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Old 11-17-2009, 09:27 PM
 
5,654 posts, read 17,474,880 times
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These would be my laws: Chickens fine within city/town limits BUTnly 3-4, kept minimum 100 feet away from someone's yard - NOT 100 feet from their residence! there is a big difference there. (of course if you want to put them right up against your own home, go for it.)

And absolutely NOOOO roosters. You do NOT need roosters to get eggs from chickens.

Chicken coops reek if they are not kept up. And they can also attract vermin: rats and mice, and of course, animals that want to eat the chickens.
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Old 11-19-2009, 05:30 PM
 
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I was thinking about a house to buy outside of town in the township and I couldn't even have chicken on an acre unless the sides of its shelter were at least...can't rememver exactly, like 250 ft I think from any other property line.
Really pretty specific. Maybe could have had a horse though.
Seems in Ohio Horses are considered pets and chickens are livestock, different rules, pets vs. livestock. Livestock generally means you have to have 5 acres to sort of "do what you want".
In the Michigan town I asked about having a couple of chickens in 10 years ago I was asked "you mean like pets?" and I said yea sort of and they asked "are you going to keep them inside?" and I said no - and they said then no you can't have them because pets are kept inside. Of course there were no laws you had to keep your dogs inside but that didn't seem to matter.
I'm glad a few more places are allowing it.
Someone who had moved to Australia told me once that almost all houses in their city (not Sydney, can't remember the name) came with a couple of chickens. House bought and sold, the chickens stayed. They were mostly to keep down the bugs.
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Old 11-19-2009, 09:27 PM
 
Location: Jefferson County
380 posts, read 1,013,384 times
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Thankfully here in WV unless you are in a city or subdivision you can have chickens, pigs, llamas, cows, etc.
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Old 11-20-2009, 12:39 PM
 
204 posts, read 538,479 times
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Quote:
Originally Posted by John1960 View Post
Reporting from Madison, Wis. -- Jen Lynch and her family live in the heart of the city but roll out of bed to the sound of clucking chickens.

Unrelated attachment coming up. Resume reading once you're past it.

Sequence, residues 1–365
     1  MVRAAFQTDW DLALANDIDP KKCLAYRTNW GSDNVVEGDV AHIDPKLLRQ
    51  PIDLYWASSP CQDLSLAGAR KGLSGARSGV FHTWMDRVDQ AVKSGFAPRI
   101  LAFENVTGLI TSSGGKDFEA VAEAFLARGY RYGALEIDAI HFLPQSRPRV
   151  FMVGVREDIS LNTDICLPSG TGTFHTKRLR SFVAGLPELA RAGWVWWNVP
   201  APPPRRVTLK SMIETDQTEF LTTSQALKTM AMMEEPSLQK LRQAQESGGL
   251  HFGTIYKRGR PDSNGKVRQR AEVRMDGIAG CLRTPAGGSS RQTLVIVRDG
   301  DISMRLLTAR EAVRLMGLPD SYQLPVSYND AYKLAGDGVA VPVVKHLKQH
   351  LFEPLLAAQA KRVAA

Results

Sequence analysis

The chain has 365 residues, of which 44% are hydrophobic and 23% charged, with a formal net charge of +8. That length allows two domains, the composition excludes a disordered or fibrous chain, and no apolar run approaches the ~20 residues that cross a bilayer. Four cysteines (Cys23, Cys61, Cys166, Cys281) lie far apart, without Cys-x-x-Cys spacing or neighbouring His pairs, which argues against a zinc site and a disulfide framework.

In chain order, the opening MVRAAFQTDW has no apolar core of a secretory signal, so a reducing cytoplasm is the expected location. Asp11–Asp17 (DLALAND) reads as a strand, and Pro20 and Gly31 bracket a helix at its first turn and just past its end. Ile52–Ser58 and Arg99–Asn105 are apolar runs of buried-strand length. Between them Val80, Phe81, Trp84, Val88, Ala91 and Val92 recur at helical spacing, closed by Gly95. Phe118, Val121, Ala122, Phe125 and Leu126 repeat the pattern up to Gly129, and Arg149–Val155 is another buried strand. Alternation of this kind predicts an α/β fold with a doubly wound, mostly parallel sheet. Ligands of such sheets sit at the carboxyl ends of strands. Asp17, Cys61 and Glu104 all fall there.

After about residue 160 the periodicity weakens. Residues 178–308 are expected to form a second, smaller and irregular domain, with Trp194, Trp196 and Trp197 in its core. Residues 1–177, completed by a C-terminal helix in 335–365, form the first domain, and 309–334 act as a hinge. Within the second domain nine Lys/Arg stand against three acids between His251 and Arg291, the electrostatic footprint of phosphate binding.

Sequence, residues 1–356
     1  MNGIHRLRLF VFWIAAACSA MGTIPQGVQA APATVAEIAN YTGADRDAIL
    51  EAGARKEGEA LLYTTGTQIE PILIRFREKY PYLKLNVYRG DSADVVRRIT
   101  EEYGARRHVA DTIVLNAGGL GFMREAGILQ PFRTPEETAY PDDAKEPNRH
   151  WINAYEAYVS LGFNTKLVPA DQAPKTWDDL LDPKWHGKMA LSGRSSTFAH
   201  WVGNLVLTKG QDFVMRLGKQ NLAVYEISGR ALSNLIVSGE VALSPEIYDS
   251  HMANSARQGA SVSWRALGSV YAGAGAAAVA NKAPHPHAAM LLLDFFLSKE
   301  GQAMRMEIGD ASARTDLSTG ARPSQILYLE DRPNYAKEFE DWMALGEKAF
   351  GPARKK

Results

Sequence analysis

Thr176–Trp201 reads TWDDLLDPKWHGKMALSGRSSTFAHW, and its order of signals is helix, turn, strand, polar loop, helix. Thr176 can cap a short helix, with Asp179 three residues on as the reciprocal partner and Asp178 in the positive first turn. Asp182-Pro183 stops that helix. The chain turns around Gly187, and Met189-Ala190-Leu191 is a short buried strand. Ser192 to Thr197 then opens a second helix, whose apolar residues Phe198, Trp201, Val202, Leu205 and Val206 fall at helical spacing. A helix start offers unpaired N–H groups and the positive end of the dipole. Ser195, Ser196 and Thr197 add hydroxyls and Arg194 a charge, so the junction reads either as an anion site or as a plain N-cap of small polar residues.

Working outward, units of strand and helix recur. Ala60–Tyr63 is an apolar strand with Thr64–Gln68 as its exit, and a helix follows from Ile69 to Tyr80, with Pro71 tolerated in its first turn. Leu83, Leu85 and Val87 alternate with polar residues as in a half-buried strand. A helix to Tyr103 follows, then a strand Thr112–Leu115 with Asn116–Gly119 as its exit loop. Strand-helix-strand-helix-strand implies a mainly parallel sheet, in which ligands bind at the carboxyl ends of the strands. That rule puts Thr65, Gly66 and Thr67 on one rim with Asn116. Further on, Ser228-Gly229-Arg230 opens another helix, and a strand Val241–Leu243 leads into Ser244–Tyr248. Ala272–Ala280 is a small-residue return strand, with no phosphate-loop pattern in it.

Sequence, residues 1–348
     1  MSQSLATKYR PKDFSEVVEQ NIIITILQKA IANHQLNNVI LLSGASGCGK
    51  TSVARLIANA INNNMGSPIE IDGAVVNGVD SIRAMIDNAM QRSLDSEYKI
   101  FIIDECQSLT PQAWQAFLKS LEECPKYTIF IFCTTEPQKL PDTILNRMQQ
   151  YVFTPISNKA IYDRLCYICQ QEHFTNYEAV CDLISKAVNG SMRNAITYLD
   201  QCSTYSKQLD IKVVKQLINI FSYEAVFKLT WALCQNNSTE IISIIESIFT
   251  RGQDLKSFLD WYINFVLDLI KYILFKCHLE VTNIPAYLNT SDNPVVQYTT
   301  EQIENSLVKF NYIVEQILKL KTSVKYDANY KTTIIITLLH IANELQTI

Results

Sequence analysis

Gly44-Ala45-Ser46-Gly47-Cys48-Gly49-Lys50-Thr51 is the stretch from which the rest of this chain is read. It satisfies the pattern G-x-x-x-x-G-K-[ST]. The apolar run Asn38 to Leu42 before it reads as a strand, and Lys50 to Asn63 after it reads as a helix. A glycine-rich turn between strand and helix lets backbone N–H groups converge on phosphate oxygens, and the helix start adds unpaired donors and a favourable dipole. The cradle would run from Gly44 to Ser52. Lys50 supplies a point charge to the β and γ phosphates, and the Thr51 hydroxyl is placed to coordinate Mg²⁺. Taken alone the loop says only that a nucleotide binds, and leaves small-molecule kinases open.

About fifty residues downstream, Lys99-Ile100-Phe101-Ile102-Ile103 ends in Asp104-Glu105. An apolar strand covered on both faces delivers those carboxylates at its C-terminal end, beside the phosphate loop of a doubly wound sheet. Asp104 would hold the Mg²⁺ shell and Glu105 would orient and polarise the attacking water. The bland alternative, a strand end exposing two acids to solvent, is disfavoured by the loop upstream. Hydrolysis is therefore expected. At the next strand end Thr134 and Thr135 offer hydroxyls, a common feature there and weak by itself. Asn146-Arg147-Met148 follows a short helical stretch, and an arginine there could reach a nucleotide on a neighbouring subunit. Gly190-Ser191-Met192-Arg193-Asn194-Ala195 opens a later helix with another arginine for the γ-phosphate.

Their day starts with cleaning coops, scooping out feed and hunting for eggs for morning omelets. Eight families in a three-block radius and an estimated 150 families citywide do the same.

Backyard chickens on the rise - Los Angeles Times
Nice article. Did you see the part about the Stealth Coop? You can buy a coop made to look like a trash can, so that neighbors might be less likely to know what you're up to. LOL
I nearly laid an egg when I saw the price: $499. Ouch.

We've had chickens for several years. A regularly cleaned coop with a few hens should fit in nearly anywhere, imo. They're quieter than most other things encountered in an urban/suburban environment. The perception "farm animal" prevents a lot of people from realizing that they can be less of a presense than a dog. I'd never live anywhere I couldn't have both.

But as someone said, it's probably a fad. If Martha Stewart didn't drive the bandwagon she at least hopped on early and helped popularize the notion of backyard chickens.

I love the idea of eating healthy whole foods from sources close to home. And the more I learn, the more insistant I'm am that our meat and eggs are humanely raised. Speech over. <g>
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Old 11-20-2009, 01:04 PM
 
Location: Rural Pacific NW
218 posts, read 514,748 times
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Well, I read all comments and I don't understand something. In an area where we once lived, it was a suburb on the outskirts of town. A number of us had chickens in our large backyards. Now the reason I believe nobody minded was (1) all had small numbers of chickens that had moveable pens which were kept very clean. There was NEVER any odor. (2) Nobody was fool enough or inconsiderate enough to have roosters. I myself am NOT interested in hearing that racket at the crack of dawn and I would have expected to get a tongue lashing from any neighbor should I have done that. Sweet little hens provided us fun and lots of eggs. Sure, we could not have fertilized ones but you can't have everything.
Because all of us did the above, our neighbors loved our chickens. For one thing, we shared our extras with our neighbors. Also, our neighbors kids and grandkids loved knocking on my back door in the summer asking if they could go see our chickens. It can all work fine, I think, if people are just considerate. By the way, this is not a fad. It is a growing thing as well as people turning their green lawns more "green" and edible.
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Old 11-20-2009, 01:19 PM
 
Location: Sloooowcala Florida
1,393 posts, read 2,695,186 times
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I love backyard poulty. I wished we were allowed to have them in the area where I live. I would have a flock of hens for sure.
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Old 11-20-2009, 02:39 PM
 
204 posts, read 538,479 times
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Quote:
Originally Posted by TXknitter View Post
By the way, this is not a fad. It is a growing thing as well as people turning their green lawns more "green" and edible.
I really hope that you're right.....that it's not a fad. I'm old enough to have seen other valuable things come and go, and even come back into favor again.
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